My daughter threw a 30 minute tantrum today.
I say tantrum, but I look at it through more of an RIE parenting lens, so really, she had a 30-minute emotional release. And it all started because she wanted to play with the printer’s tray and I wouldn’t let her. I said, “I won’t let you play with the printer,” and physically prevented her from reaching it. She pushed against my legs, crying for the next 30 minutes. And I just let her. I didn’t put her in time out; I didn’t try to bribe her or distract her with something else; I didn’t try to rationalize with her — I just quietly and calmly held the space for her to have her feelings. The most I did was prevent her from hurting me or herself and acknowledge her feelings a few times at the beginning. And I didn’t take it personally — I knew that all this crying and pushing wasn’t about me or about the printer. It was about something else entirely.
It doesn’t matter what it was about. What mattered was that I was able to be her safe harbor as her emotions crashed over her.
Perhaps it was about all the changes that have taken place in our lives the past two months or the busy-ness of it all. Or perhaps it was something else entirely. To be honest? It doesn’t matter what it was about. What mattered was that I was able to be her safe harbor as her emotions crashed over her.
When we were about 20 minutes in, I started to wonder what the world might be like if everyone were able to have such emotional releases. If there was a judgment-free, intervention-free place where adults, teens, or children could express their anger or frustration or confusion or sadness or whatever else they might be feeling and have others quietly and courageously bear witness.
They would simply sit there, listening, watching & waiting, as I moved through my emotions.
I was lucky enough to be a part of such a space for seven years in my women’s circle and I can attest that it is truly powerful to be allowed to express one’s feelings with total acceptance. These marvelous women would bravely sit in a silent circle and bear witness to my pain. They would not offer me a tissue when my nose began to run or give me advice on how to “solve” the problem. They would simply sit there, listening, watching & waiting, as I moved through my emotions. At times, the sobbing would slow down and it would seem that I was done, but these women were wise and knew to wait. A few minutes would pass and a new wave of grief or pain would wash over me and it would all begin again. They trusted that I was strong enough and capable enough to feel my feelings and to know when I was done. It was a powerful experience that I am incredibly grateful to have had and to have given to others as well, including my daughter today.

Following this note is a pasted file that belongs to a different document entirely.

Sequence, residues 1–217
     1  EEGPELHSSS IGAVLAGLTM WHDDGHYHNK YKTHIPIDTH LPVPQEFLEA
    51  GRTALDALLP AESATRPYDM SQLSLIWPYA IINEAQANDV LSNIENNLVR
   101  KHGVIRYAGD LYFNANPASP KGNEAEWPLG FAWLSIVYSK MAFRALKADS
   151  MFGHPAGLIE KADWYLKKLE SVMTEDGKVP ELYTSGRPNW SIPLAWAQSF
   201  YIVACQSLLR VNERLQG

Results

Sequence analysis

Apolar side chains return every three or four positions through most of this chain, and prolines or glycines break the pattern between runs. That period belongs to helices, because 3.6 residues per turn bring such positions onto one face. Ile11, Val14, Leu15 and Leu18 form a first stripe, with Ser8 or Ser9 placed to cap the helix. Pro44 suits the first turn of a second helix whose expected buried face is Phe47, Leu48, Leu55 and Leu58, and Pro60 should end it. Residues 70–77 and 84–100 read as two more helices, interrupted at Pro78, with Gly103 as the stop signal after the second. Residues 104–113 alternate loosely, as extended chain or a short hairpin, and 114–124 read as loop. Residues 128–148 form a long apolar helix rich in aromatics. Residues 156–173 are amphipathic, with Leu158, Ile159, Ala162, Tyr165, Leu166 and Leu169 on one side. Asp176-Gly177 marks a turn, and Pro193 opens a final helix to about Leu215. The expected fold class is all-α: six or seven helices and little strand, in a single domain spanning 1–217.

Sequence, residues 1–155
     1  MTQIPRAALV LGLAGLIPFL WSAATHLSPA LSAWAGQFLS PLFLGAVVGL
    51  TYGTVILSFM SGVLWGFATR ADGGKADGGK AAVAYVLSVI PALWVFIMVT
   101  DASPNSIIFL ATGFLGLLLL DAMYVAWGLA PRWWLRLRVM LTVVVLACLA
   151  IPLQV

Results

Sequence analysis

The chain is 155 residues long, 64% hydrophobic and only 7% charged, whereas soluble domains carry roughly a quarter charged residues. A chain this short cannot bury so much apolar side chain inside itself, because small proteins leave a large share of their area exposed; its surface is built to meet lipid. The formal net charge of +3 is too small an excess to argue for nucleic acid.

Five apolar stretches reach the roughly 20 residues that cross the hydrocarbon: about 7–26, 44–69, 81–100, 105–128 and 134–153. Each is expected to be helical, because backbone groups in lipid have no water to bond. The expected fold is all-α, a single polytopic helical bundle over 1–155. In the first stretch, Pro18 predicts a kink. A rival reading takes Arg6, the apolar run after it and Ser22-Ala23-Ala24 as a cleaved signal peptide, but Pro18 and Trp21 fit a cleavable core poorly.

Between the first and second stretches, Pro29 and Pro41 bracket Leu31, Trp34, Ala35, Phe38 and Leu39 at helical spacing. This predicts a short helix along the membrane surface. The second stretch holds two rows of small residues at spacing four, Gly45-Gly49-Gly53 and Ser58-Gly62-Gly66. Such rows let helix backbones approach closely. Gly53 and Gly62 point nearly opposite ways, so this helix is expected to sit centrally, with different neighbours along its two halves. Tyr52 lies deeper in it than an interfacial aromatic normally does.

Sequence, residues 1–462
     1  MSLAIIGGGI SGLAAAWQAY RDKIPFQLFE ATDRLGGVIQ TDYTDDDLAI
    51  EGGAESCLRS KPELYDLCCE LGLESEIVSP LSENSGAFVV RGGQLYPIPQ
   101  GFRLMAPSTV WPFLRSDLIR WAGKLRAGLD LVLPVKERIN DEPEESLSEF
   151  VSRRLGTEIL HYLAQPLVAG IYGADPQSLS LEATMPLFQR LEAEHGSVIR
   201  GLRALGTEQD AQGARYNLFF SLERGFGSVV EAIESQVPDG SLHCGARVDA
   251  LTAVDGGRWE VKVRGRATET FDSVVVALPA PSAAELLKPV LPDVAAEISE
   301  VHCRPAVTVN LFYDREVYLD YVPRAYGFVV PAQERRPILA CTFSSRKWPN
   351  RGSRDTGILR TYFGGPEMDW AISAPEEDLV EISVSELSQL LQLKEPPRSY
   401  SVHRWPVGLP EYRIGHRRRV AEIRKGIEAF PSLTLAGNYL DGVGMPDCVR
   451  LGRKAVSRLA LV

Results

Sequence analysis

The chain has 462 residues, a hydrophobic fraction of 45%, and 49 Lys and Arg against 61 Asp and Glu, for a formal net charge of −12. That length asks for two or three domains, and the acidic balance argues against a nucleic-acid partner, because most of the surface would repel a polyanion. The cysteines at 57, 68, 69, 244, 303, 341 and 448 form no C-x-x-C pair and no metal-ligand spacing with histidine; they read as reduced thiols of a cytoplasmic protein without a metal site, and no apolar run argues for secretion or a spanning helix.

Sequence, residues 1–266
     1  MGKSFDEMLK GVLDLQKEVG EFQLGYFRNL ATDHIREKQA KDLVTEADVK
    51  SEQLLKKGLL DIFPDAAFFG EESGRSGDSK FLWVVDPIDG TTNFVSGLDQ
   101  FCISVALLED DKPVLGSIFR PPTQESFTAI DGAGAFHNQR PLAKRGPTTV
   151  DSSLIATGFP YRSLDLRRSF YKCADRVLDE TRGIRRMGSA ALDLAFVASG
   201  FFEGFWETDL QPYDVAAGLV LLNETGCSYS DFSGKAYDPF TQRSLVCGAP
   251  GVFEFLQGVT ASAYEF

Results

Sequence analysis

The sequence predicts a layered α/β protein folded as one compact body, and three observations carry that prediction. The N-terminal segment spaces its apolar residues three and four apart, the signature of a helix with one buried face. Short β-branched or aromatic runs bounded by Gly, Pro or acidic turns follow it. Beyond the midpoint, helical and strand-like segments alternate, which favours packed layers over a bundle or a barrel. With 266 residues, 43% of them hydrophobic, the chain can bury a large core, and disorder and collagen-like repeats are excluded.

And what happened, you might ask, at the end of that 30 minutes? My sweet daughter lay on the floor, stomach down, completely spent and sniffling slightly as her breathing began to return to a normal pace. She lay there quietly breathing for about five minutes before she looked up at me slightly and said, “Can I watch Sarah & Duck?” And that was it.
It was over and we cuddled on the couch watching our favorite duck waddle about on the TV.
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This post originally appeared on Our.Lonestar.Life